The Perfect Birch

America, who speaks?
When the coiled lip
of the tin cup slakes
like a cottonmouth,
and the neck breaks,
this table’s for both.

Under gables that changed
to gibbets I’m hanged
with the Barabbas
of your breath.

From the cataract ibis
of a netherscarp
and moons of fargo
taking shape,

to the sacred cloth
of a war’s inducted
doused in death;

from tin tobacco
telescope armies
that march on rumours
and the moon’s monolith
campfires once acted;

or the many moons
in a helmet’s sleep -
Spain’s, perhaps,
as the axes leap

scalps of the cross;
and a breastplate rips
the rainbow moss) –

I’m forbidden entry
to the ultimate country.

A prairie flake speaks
the mind of peaks

and the bear that the fevered
pine cabins fear
when veiled and avid
maples snowing amber
as beasts lumber
sing silently the fall;

and you, extreme eagle,
with gorges in your grail
of lustres,
and your wings steep maps
vastly worn
among vine clusters, fly
an America born
to avalanching air
and a scaling coach
in a pinnacle’s eye.

Flag and bugle
and spitfire birch,
and the rocket that waits
to gutter the sky:

America my breath,
as breathless as I:

cannon at the gates
of a captured church
uproot ambush
and a whippoorwill
by a shut paddle-wheel
and a moored watermill;

and attrition runs
fireballs of guns
for escaping hates
that hunt the harbours
of earth and limb,
where you hungered to be
the perfect birch
of a gleaming hymn.

Whose were the robbers
that set these free;
whose the thumb
that signalled them?

Creature into human,
breath trails a sash
of chases that summon
the watches of the lakes.
Cry barricade,
the language of the breed:

the halted lynx
of omen.

It reaps like a blade
what the rainladder thinks,
and the rainladder’s rungs
climb in; guns
munch mammoth moment,

each bite cavernous,
a galleyblack landfall,
and a hurdy-gurdy handle
grinds in a white house
a vacuum for a candle.

In ballroom time,
in the fireplace,
the hurdy-gurdy man
like a nursery rhyme

plays the first drawn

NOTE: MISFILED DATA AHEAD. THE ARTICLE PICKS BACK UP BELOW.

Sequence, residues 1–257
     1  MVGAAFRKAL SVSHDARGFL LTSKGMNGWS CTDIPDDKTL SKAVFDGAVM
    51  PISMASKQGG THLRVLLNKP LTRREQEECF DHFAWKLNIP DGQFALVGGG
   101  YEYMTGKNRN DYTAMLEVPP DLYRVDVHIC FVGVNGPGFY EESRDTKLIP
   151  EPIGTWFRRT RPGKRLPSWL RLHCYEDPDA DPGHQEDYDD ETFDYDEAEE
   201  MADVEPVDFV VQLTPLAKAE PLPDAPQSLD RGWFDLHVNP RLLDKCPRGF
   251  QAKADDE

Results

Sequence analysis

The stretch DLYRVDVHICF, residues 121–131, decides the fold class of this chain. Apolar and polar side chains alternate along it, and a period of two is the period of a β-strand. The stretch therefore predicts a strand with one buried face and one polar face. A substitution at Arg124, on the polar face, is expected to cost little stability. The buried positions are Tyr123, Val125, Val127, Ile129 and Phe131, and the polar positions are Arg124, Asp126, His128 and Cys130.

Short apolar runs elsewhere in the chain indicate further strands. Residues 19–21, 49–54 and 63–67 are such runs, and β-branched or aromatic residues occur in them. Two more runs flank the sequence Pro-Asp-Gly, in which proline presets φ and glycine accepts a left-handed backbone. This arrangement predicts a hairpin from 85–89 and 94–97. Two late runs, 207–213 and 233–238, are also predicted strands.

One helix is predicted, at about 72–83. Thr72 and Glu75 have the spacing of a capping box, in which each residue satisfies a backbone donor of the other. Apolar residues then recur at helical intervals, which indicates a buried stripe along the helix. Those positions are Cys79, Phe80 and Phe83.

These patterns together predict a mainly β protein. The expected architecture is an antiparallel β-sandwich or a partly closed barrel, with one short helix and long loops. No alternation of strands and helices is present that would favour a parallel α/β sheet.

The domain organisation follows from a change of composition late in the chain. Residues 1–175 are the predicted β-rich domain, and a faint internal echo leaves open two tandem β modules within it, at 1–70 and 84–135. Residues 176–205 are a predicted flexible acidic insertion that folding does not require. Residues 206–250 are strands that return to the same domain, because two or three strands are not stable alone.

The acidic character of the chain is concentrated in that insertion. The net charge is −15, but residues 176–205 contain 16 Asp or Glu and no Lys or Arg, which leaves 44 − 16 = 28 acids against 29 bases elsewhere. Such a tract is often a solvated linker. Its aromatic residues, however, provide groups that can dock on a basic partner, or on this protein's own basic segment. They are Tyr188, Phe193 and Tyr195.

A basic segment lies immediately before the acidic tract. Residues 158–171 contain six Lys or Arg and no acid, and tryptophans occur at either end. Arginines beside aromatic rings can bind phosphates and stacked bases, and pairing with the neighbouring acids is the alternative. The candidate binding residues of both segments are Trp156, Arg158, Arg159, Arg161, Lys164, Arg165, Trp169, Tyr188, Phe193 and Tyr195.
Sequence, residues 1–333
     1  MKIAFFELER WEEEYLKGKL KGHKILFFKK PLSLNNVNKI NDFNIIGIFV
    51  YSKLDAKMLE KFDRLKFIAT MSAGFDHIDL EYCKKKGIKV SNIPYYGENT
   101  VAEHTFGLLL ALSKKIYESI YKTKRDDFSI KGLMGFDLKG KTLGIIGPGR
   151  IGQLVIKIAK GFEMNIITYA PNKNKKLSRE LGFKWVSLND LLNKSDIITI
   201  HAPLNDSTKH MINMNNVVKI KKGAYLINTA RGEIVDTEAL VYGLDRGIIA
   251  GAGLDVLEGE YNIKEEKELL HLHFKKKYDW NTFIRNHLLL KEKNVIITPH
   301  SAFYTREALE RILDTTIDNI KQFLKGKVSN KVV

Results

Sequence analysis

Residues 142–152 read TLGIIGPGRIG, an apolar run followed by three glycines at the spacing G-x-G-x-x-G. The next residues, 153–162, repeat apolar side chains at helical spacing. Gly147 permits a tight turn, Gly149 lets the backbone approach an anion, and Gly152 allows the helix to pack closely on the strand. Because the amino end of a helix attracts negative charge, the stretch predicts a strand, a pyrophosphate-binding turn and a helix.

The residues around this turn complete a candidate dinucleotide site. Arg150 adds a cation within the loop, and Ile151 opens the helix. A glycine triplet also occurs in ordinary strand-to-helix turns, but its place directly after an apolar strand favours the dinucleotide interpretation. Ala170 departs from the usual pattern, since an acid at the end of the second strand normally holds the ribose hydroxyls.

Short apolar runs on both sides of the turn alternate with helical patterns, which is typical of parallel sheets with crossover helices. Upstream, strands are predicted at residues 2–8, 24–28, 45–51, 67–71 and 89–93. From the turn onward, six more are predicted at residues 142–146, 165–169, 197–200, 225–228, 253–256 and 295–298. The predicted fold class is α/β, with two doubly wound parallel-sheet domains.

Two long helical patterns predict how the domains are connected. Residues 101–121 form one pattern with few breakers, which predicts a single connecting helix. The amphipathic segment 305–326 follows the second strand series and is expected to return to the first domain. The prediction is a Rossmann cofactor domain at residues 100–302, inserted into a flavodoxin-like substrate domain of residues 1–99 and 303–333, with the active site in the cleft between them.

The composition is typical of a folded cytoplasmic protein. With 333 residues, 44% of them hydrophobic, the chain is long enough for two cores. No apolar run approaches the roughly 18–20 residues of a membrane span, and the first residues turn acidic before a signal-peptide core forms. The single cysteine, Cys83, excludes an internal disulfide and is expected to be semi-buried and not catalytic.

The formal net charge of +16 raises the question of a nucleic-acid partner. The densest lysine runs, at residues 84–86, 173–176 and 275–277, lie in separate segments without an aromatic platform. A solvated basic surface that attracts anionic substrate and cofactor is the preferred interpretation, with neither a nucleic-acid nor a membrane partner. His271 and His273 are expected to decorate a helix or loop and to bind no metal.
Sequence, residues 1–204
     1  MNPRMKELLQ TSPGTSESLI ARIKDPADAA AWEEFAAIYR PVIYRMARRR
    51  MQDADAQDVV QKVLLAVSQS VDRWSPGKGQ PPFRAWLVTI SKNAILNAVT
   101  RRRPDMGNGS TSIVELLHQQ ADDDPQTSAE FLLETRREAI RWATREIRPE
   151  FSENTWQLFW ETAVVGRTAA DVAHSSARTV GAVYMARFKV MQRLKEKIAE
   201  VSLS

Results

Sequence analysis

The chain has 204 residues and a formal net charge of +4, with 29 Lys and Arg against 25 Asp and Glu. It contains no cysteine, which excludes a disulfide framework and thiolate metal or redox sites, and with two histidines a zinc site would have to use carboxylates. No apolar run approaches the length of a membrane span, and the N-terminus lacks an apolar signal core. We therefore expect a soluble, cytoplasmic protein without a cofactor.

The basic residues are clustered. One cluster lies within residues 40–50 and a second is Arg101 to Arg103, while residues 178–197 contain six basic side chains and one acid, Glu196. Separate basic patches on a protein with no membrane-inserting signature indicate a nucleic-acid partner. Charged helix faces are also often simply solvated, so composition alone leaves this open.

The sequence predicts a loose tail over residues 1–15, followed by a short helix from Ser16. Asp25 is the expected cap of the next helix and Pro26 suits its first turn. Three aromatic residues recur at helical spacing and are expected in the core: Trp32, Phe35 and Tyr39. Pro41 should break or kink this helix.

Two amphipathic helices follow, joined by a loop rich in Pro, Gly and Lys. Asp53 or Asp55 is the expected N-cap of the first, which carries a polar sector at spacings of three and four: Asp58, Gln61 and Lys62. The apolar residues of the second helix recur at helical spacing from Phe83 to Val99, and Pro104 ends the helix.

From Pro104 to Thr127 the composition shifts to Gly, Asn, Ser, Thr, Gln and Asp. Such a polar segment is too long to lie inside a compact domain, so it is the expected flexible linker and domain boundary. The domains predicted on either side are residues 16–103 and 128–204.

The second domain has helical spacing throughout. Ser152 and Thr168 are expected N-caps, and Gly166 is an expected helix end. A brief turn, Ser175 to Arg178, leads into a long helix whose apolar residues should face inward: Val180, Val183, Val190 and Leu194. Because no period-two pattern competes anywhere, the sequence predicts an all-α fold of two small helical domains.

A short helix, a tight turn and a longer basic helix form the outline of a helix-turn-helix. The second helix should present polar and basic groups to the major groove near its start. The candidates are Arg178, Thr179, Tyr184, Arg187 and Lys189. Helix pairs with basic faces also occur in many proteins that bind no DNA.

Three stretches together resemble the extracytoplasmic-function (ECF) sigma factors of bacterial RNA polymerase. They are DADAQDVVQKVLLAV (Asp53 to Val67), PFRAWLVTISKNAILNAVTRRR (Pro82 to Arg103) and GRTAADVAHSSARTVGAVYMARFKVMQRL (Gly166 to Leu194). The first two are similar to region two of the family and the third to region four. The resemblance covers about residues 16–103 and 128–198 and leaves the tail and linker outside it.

breath of America’s
magical release.

Put the powder in;
the cannon spring
deep into the marrow
of a birth’s tomorrow,

till a hurdy-gurdy drones
of lagoons of bones
with no place for July;
and all the straw wagons
drive on by -
and change into guns;

and we into legions
of absent ones;

into the staff
warcries can’t reach
when over the hogans
of a tributary cliff
their cataracts flow
to the wounded nave
of a Navajo
wielding heat:

an archbishop burns;
antiquities meet;
the mesa blows up

at the touch of a cup
about me; I breathe
into a gibbet torch
from a Spanish pew

crushed moccasins
and the crust of a march.

How will you live
without me; how
slake those cotton moons
coiled in a perfect birch?

* cottonmouth: the venomous American moccasin.
* America: created the 20th Century.
* Barabbas: “Now Barabbas was a robber.” – John 18, v.40.
* fargo: image taken from the first long-distance American stagecoach company, Wells Fargo. The city of Fargo, North Dakota, was named after the company’s founder.
* helmet’s sleep: A Spanish helmet, dented by an axe, was handled by the Indian chief in the Kevin Costner film, “Dancing with Wolves”; empires had come and gone.
* spitfire birch: The Spitfire that won the Battle of Britain was made of birch – said to be the most symbolic of American trees – to give it superiority over the Messerschmidt.
* barricade: “I have a rendezvous with Death/ At some disputed barricade…” – Alan Seeger, b. New York 1888, d. Verdun 1916.
* black; hurdy-gurdy; white house: Now an American shrine, and the centre of Fourth of July celebrations, The White House was built by black slave labour in the 1790s and completed in 1800. The music at its opening was played by all sorts of musical instruments, including the hurdy-gurdy. It was burnt by the British in 1814, when, to disguise the damage, it was painted “birch white”: hence its name.
* hogan: a Navajo house.
* “Death Comes for the Archbishop” (Willa Cather, 1927; adapted), Santa Fe – founded by the Spaniards, 1609; headquarters of Spanish, Indian, Mexican, Confederate and US governors; tableland (mesa) way in to Los Alamos and the atom bomb.
* moccasin: the American cottonmouth; and footwear perfected by the North American Indians.